Ukraine Currency Crashes After Senior EU Official Says "The Ukrainians Are Manipulating Us"

The much discussed tumble in the Russian ruble (or as Japan would call it "mission accomplished" if its was the Yen instead of the Ruble) may have stabilized somewhat, and judging by the Russian central bank's response to no longer intervene in the FX corridor-setting market on a daily basis, Russia is hardly too concerned by the impact to the economy as a result of the beating its currency has taken, but where Putin may have brushed off the "speculative" attack on its currency for the time being, things for Russia's western adversary, the Ukraine - the country whose economy is in a state of near terminal collapse and which unlike Russia doesn't have massive raw materials to fall back on - are just starting to go bump in the night.

As has been the case for nearly a year, the Ukraine has been on life support by its "western allies" ever since the Victoria Nuland/US State Department/CIA catalyzed coup early in the year. The problem is that those same "allies" now look like they have had enough of their "alliance" and are about to pull the "blank check" rug.

According to Reuters, nearly a year on from the first "EuroMaidan" protests that would topple the pro-Moscow president who had spurned an EU trade deal, some in Brussels are disillusioned by the experience of helping Ukraine. EU generosity in waiving import duties and funding gas supplies from Russia may be being abused, they say.

Corruption in Ukraine? Unpossible. But wait, it gets better:

Some in Ukraine's elite may be colluding with Russia, even as fighting in the east has begun to escalate again.

If true, this will be the biggest stunt a Russian leader has pulled since Khruschev banging on the desk in the UN with his shoe.

And the punchline:

"The Ukrainians are manipulating the EU," a senior EU official involved in negotiations told Reuters, saying the bloc was "waking up" to a need to better defend its own interests.

You mean those poor European taxpayers, raped for years to bail out insolvent Eurozone nations because, you know, "political capital", are now directly and indirectly funding Putin's extravagant habits?


"There may be, in certain sections of the Ukrainian government, an interest in colluding with the Russians and instrumentalizing to a certain extent the EU," he added.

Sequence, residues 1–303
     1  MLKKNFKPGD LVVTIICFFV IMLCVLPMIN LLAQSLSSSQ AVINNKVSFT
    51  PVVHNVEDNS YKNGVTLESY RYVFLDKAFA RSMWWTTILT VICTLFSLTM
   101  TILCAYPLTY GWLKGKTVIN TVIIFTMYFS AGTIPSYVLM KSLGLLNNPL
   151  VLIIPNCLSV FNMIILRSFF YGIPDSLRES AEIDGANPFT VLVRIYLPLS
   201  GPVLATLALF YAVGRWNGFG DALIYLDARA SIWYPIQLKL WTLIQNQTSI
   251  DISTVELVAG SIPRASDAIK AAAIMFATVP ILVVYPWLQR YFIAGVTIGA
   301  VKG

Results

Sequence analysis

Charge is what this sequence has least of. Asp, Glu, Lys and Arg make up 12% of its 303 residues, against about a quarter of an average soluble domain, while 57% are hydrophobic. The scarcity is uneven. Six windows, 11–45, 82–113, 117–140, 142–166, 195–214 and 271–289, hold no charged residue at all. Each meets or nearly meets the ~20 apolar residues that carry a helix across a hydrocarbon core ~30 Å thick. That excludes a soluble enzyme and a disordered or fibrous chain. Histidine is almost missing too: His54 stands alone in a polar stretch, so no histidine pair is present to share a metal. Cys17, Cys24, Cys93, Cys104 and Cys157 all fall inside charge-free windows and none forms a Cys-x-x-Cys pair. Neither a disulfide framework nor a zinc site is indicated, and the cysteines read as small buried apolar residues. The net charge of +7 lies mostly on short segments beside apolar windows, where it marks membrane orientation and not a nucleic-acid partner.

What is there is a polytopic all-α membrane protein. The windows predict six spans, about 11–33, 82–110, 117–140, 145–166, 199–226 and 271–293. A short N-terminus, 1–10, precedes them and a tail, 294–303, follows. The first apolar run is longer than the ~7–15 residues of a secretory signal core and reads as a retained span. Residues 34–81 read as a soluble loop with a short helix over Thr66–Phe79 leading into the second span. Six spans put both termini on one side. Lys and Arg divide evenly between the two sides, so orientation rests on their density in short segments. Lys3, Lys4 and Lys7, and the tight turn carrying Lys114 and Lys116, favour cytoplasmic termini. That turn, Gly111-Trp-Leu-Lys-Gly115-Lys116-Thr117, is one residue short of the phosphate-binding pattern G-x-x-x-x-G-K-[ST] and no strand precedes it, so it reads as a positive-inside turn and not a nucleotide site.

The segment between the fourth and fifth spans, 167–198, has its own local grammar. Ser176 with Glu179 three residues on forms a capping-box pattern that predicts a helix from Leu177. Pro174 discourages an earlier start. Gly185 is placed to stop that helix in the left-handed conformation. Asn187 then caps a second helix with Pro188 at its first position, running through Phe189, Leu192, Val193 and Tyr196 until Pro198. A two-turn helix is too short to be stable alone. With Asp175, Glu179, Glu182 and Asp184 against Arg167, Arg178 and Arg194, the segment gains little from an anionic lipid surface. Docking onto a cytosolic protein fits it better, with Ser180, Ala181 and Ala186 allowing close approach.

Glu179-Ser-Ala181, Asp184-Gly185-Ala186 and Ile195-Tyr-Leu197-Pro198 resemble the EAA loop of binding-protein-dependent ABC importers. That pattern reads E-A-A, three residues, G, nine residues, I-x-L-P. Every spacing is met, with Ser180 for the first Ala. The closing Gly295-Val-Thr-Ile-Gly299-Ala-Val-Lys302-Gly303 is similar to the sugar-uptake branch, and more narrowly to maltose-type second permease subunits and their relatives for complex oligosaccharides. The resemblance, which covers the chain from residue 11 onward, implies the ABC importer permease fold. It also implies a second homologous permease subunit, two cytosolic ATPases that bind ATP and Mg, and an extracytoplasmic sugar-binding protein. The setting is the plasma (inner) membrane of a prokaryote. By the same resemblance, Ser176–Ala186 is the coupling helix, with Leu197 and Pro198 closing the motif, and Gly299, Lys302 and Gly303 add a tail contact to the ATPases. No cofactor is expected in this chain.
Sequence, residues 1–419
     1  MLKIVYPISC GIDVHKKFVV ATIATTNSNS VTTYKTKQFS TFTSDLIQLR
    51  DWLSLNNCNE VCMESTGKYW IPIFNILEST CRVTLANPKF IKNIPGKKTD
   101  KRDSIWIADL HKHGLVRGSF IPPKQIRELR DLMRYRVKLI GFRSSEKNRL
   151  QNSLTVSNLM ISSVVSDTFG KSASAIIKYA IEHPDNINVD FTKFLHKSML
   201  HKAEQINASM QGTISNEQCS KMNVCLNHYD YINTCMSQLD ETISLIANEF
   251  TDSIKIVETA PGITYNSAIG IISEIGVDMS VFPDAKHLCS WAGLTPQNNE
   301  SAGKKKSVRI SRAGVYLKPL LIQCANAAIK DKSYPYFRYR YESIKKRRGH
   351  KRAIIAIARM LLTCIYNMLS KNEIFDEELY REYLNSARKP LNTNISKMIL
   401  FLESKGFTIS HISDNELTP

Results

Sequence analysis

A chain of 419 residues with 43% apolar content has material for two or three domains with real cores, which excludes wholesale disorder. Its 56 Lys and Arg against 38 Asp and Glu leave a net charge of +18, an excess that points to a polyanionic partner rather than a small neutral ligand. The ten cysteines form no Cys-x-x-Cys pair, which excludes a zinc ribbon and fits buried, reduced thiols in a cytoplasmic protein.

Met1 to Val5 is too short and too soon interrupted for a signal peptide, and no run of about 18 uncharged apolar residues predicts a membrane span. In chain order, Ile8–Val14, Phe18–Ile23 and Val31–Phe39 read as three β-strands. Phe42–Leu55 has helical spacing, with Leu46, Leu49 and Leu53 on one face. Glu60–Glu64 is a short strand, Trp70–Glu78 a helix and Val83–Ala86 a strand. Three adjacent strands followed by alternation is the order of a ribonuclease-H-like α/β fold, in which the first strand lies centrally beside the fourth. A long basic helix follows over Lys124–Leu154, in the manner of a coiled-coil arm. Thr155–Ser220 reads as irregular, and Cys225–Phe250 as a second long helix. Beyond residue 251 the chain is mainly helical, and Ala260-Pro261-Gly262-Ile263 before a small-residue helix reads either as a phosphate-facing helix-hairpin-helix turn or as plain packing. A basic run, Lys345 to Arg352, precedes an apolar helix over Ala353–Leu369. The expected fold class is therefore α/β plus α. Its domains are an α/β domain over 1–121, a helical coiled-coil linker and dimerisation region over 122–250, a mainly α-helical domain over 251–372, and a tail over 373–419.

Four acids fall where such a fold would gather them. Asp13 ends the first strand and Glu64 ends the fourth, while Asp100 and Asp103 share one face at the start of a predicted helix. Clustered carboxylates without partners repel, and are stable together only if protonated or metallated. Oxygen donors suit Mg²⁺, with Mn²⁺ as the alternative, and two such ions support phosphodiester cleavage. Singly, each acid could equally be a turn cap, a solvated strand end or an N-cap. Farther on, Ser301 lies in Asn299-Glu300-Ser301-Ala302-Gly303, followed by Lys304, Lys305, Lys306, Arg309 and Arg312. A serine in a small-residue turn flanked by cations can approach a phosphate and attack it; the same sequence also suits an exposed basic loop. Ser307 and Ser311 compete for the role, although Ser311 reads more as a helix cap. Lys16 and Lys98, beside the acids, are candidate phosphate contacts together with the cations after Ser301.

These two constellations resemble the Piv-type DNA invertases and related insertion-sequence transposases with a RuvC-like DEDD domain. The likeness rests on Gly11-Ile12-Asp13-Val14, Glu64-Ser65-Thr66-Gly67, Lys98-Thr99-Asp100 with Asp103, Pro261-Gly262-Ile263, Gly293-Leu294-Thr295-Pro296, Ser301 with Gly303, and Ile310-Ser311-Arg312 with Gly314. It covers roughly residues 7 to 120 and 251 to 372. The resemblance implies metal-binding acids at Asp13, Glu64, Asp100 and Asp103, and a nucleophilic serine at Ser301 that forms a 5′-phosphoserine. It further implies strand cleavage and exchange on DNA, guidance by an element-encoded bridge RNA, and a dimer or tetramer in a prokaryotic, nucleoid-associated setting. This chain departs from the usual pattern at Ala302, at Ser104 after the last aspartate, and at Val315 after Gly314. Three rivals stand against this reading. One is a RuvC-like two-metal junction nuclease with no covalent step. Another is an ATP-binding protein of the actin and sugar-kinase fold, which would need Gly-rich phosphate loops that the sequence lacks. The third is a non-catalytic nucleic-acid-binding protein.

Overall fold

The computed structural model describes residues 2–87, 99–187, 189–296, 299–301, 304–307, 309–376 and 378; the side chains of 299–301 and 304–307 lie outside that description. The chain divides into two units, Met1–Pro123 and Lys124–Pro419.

Such views are dismissed as "absolute nonsense" by Ukraine's ambassador to the EU, Kostiantyn Yelisieiev. He condemned talk of secret deals between Kiev and Moscow to exploit Western fears for profit as part of "Russian propaganda" and said he had full confidence in continued cooperation with the European Union.


In public, there is solid EU support for the newly elected president and parliament in the face of Russian hostility – a position new European Commission President Jean-Claude Juncker will stress when he visits Kiev, perhaps as early as this month.


And there is unanimous, personal admiration among officials and diplomats for ordinary Ukrainians' courage on the streets, and a will to help them consolidate democracy and prosperity.


Yet in private, endemic post-Soviet corruption, the power of business "oligarchs" and suspicions of lingering Ukrainian collaboration with supposed enemies in Moscow lead some in Brussels to question the future of current levels of EU backing.


"Maybe people fell for this 'poor little Ukraine' line," one EU diplomat said. "But they're not so naive. They're waking up."

Well, if they indeed are, it also means any future IMF, or US aid, to the Ukraine is over. And here comes the bailouter's remorse:

Amid some regret at the way the EU's drive to conclude its Association Agreement with Ukraine ended up provoking conflict with Russia, there is sympathy in Brussels for Poroshenko, the confectionery magnate and long-time minister elected to succeed the ousted, Moscow-backed Viktor Yanukovich six months ago.


"You can't blame him for playing a weak hand as best he can in his own national interests," one EU diplomat said of the man who was feted as guest of honor at an EU summit in June.


At the same time, there is a concern not to write blank cheques to Ukraine at a time of austerity at home.

Which may explain why the Ukraine economy just entered the endspiel part judging by what happened to its currency overnight.